*Food for Thought: especially if going solo with your little one, think about only taking a big backpack for your personal luggage instead of a rolling suitcase. You will NOT be able to roll luggage while also pushing a stroller!

 

Pack a few QUIET toys your baby loves and leave the rattles at home to help your fellow passengers out. Pack snacks (see “eating” below), put your baby in a nighttime diaper even if it’s during the day in case he/she zonks out for a while, and bring any medications your baby may need.

 

Eating: As a Registered Dietitian this was my biggest concern. What can I get through TSA?! Not to mention we’ve had a history of trying to put weight on our borderline preemie boy who has the super metabolism of daddy. Luckily, they allow more than 3 oz of formula/breastmilk, bottled water for formula, baby food/pouches, and other food for your baby.  I watched some videos on the TSA website. They always inspect it, but it’s allowed. I brought as many pouches as we could fit, teething crackers, yogurt and fruit with an ice pack for the plane rides there, and formula. Although I am still nursing as well I left my pump at home (hallelujah) and planned to breastfeed throughout the day as needed.

 

Definitely bring a small container with a tight fitting lid (see below). I highly suggest packing a daily probiotic with a plastic dropper you can squeeze directly into your baby’s mouth (not a glass dropper you have to mix into bottles or food). Just as adults, your baby’s schedule and eating habits are altered, so their bowels may be off as well. The new foods could cause gas, indigestion, or they may not get as many fluids on vacation as usual. A probiotic is also is an immunity booster for the many germs they could get in transport.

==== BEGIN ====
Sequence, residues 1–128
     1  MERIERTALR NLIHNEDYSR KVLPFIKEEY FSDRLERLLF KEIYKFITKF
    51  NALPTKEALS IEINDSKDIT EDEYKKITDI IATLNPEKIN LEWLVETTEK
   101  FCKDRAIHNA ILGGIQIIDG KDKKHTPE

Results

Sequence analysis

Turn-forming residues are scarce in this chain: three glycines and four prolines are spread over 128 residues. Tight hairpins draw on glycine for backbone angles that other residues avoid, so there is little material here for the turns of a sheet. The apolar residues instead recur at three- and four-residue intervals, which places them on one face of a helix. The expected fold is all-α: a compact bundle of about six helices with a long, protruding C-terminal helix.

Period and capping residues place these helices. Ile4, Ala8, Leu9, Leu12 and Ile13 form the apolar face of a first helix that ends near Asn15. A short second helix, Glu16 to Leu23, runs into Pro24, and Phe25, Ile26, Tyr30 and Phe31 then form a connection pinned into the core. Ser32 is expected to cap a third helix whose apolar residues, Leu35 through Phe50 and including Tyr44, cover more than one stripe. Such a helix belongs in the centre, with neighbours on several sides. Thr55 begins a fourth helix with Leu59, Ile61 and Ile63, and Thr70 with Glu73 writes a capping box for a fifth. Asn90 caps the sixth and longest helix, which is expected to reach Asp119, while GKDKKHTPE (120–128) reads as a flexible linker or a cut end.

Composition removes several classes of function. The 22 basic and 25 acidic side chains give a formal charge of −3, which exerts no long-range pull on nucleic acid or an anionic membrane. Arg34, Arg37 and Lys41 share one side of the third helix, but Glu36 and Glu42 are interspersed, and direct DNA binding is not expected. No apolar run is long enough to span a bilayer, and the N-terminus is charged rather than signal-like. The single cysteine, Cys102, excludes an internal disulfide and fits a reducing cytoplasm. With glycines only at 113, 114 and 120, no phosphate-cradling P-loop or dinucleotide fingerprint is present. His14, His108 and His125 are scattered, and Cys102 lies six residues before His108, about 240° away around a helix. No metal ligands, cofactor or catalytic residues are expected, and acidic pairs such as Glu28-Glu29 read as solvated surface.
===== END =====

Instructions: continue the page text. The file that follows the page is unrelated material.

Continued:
I admit, all day long in the back of my mind (and verbalized to Taylor more than once…or 100 times) I was stressed about Bennett eating and drinking enough. He refused some of his usual bottles and pouches I know he likes at times, and he would gobble up some of our meat and potatoes one day and spit out the same foods the next day. Looking back, I wish I had realized it is natural for his eating habits to be different as ours were in this strange environment and on an unusual timetable. And babies are good at listening to their bodies. He was never hangry or dehydrated or fussy. He was fine.

 

The important thing is constantly offering snacks and meals and liquids for hydration. The baby can choose what they want and how much. We walked to a market at least once in each city and stocked up on more normal foods Bennett typically eats, which really helped him feel at home. This included things like plain skyr or Greek yogurt, soft fruits, eggs, breads, and oatmeal. Every day we would leave for the day with easy non-perishable foods such as room temperature pouches, bananas, mandarin orange cups, and dry oats in a little tupperware container (and would add hot water at a restaurant). I occasionally would scoop out some yogurt or pack some leftover beans/rice/meat/ vegetables and bring our ice pack along if I thought he would eat it in the next 2-3 hours.

 

*Pro Tip: I highly suggest asking restaurants if they have high chairs before you choose. A few times we were starving and desperate and we held Bennett while we ate. Let me tell you, when you’ve been walking and moving and hot all day, this is not good for your temper, digestion, or the glass dishes on the table.

 

To get the wiggles out: we made it a priority to visit a park each day to let Bennett move around and get worn out since he spent so long cooped up in the stroller. Each city had such beautiful, clean parks around almost every corner, and Taylor and I enjoyed relaxing there pretending we were locals. We found every city to be super baby friendly and found little play areas for kids in many museums and cafes too. Brilliant!

 

All of that being said, if you want to take your baby to Europe, don’t let anxiety hold you back. Just do it. You’ve got at least two people cheering you on!

 

Written by Caroline Pope, MS, RD, LDN

Co-Owner and Registered Dietitian